The industrial complex of the military in America was uncontrollable since it required more advanced and superior weapons than the Soviet Union making them to come up with more expensive, more complicate and more powerful weapons which was meant to outdo the Soviets' (Halle n.d). On the other hand, the Soviet Union came up with very many weapons that outmatched those that were possessed by the United States in number. If America had not built the weapons, then the Soviet Union would not have seen the need of coming up with more weapons. The move by America lead to the need by the soviet to come up with more weapons. America is therefore to blame for the production of all the weapons.

Following the stagnation of the economy by the communist state, the US exerted more economic, military, and diplomatic pressure on the Soviet Union (Ziff and Musteen, n.d.). There was a public outrage in New York that called for the end of the cold war in the early 1980's. Later, there was an introduction of reforms on liberalization by Mikhail Gorbachev who was a leader of the soviet which led to the stop on the involvement of the soviet in Afghanistan. The USSR was formally dissolved in 1991 due to weakening of the Soviet Union making them to lose control following the fall of the communist regime (Ziff and Musteen, n.d.). The United States was therefore left as the only super power in the world.

Conclusion: Who is to Blame?

Even though there was a war between the capitalist and the communist ideologies, America is to blame for the cold war. This is because the United States wanted to control all the countries in the world which led to the need for the Soviet Union to go against it. Secondly, America used atomic bombs on Japan during the Second World War. This led to a political and military outcry around the world. The Soviet Union therefore saw the potential of America and they thought of coming up with weapons which was mostly due to the fear that America was capable of bombing. Thirdly, the industrial complex of the military in America was uncontrollable since it required more advanced and superior weapons than the Soviet Union making them to come up with more expensive, more complicate and more powerful weapons. Due to this, the Soviet Union came up with very many weapons and also tested their first nuclear bomb. America was concerned about the quality of their weapons whereas the Soviet Union was concerned about the quantity of their weapons. Therefore, America fuelled the cold war and it is to blame.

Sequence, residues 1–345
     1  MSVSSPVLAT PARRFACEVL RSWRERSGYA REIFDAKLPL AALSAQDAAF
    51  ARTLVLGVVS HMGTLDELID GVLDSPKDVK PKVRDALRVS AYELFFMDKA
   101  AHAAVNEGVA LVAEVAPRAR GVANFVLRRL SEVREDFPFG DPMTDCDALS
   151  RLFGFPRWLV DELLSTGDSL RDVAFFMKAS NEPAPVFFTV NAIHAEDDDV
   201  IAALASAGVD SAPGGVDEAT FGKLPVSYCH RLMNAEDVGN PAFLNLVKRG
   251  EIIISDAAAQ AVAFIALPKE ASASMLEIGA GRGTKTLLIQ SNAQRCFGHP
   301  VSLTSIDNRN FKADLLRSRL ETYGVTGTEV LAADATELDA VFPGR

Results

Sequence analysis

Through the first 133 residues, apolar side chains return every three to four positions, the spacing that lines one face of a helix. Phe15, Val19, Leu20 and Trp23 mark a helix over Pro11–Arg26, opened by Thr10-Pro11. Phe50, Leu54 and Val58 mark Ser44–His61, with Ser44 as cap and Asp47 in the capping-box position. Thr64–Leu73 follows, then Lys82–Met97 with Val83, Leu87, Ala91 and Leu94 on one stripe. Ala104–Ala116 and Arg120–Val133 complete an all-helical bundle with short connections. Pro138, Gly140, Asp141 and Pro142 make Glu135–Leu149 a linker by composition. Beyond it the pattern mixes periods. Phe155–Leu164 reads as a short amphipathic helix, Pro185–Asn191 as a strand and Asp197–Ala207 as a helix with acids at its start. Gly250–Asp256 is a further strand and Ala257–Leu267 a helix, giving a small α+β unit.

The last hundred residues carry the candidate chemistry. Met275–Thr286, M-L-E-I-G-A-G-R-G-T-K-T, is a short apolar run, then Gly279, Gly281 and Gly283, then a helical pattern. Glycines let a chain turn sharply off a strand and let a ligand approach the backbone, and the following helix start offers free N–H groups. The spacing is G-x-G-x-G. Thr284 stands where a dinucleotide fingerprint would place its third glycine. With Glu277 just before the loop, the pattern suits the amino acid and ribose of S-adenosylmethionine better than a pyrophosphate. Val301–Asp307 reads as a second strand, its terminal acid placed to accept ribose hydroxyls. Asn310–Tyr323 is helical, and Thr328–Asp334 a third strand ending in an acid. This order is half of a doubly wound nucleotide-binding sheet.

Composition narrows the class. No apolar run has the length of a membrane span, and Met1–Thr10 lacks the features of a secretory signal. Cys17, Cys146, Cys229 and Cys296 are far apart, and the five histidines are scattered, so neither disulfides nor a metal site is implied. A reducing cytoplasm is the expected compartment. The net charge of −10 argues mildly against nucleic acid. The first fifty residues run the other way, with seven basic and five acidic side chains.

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  • Gaddis, J. (1997). We now know. Oxford: Oxford University Press.
  • Halle, L., (n.d). The Cold War as History
  • Hanhimaki, J. M. & O. A. Westad (eds.) (n.d). The Cold War: A History in Documents and Eyewitness Accounts
  • Hopf, T. (2014). Reconstructing the Cold War. Oxford: Oxford Univ. Press.
  • Hopkins, M. (2011). The Cold War. London: Thames & Hudson.
  • Kennedy-Pipe, C. (2010). Origins of the Cold War. Palgrave Macmillan.
  • Ziff, J. and Musteen, J. (n.d.). The Cold war.